It may look plain, but vi has almost every editor feature you can think of and almost certainly a few you never thought of.

The Modes

Almost every every other editor currently in use is a modeless editor, or at least mostly modeless. Vi is different in that it has three different modes that operate differently – insert mode, command mode, and ex-mode (essentially for extended commands). Of the three modes, the insert mode is the most like other editors, although are relatively few commands to use. As you can see in the screenshot above, the words “- INSERT -” appears at the bottom of the screen whenever you are insert mode (and the same for replace mode which is effectively the same).

Most commands are performed in the command mode, which can be thought of as the default mode – there is nothing saying that you are in command mode. If in doubt, you can press Esc to get from insert mode into command mode. There are some who will argue that in fact vi is modeless and that the “insert mode” is in fact a parameter to the insert command. This has a certain ring of validity to it – if you enter 32iHelloEsc in command mode, you will end up with 32 copies of the word “Hello” inserted.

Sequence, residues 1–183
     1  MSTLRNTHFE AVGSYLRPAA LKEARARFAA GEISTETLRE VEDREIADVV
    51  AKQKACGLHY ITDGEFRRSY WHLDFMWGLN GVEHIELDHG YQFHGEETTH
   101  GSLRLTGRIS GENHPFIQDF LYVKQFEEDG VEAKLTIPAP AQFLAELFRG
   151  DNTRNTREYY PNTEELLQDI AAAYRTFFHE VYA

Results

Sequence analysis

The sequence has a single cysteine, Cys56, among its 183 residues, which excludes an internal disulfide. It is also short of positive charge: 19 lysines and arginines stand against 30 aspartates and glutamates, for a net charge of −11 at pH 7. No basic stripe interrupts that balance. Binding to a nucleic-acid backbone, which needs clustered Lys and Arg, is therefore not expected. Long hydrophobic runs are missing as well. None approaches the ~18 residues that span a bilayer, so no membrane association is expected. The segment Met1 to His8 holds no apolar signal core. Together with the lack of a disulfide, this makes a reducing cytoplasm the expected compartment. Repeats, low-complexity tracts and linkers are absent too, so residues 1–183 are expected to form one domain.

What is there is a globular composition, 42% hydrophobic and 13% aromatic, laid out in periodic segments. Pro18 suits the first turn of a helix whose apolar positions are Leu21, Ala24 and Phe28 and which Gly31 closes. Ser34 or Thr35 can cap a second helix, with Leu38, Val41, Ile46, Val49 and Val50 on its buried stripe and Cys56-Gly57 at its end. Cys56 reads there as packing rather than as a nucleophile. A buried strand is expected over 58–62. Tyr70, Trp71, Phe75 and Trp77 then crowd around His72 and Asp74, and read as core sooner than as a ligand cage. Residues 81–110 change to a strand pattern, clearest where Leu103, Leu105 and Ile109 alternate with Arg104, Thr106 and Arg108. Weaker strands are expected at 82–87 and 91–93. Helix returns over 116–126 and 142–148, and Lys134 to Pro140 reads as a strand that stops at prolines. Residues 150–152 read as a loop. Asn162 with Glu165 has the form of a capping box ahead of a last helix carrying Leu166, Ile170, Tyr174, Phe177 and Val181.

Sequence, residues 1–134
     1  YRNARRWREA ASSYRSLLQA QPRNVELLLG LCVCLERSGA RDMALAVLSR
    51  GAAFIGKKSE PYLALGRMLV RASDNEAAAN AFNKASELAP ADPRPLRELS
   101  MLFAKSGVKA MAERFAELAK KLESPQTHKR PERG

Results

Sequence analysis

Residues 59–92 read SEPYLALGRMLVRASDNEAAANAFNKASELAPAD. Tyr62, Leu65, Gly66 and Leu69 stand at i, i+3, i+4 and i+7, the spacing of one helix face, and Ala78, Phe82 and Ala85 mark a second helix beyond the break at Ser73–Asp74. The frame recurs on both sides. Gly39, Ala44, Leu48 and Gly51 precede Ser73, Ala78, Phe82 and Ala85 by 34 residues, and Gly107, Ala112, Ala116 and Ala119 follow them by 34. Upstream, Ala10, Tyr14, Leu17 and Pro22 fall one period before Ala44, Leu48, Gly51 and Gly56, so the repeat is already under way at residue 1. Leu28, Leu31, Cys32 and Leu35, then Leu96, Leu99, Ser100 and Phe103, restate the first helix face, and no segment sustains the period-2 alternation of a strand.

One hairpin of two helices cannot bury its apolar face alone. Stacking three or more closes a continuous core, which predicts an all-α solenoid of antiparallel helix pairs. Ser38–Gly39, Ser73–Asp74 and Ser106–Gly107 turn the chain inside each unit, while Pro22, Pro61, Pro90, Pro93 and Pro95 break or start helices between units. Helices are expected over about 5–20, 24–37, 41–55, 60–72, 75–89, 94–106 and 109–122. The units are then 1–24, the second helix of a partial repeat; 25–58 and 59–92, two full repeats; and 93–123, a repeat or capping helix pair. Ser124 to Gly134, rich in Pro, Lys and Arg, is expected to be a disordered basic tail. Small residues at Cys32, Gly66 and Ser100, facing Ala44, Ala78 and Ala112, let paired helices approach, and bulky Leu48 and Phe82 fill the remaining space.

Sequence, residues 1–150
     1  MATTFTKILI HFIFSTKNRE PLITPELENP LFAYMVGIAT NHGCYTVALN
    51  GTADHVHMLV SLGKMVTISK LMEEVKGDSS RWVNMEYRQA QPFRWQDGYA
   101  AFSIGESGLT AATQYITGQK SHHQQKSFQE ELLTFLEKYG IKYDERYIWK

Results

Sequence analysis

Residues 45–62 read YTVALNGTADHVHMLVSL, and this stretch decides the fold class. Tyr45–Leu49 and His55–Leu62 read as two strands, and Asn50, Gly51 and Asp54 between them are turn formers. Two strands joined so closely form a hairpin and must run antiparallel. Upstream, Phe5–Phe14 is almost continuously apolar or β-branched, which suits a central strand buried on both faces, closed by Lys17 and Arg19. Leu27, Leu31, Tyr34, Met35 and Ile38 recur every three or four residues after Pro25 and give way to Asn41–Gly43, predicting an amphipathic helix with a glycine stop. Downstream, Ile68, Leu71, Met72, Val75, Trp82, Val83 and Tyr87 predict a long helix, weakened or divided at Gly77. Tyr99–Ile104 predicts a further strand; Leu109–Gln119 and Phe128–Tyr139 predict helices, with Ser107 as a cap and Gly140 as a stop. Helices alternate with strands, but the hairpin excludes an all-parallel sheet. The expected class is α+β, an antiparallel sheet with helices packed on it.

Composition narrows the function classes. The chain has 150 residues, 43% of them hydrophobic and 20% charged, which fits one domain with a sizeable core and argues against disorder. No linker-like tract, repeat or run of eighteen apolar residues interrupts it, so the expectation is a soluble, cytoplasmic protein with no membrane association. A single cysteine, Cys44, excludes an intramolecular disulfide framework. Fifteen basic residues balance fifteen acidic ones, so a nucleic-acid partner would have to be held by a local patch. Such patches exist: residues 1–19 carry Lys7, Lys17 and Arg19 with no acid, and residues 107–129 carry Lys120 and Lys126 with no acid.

But conventionally vi is written of as a mode-based editor, so it is best to think of it as such until you have learned enough to throw off conventional wisdom and go your own way.

The last mode is ex-mode, which at a basic level is covered only in enough detail to tell you how to get out of it! It is entered from command mode with the “:” command, at which point the cursor moves to the end of the screen leaving you free to type in lengthier commands. To exit simply hit the backspace key until the cursor returns to its normal location.

The Insert Mode

(and the replace mode)

The insert mode is started with a variety of commands, but the simplest is i(nsert).

Once in insert mode, you can start typing normal text without worrying about what commands it will run. There are a fair few things you can do with the control keys, but we’ll skip over those for the “basics”. To correct a few historical limitations :-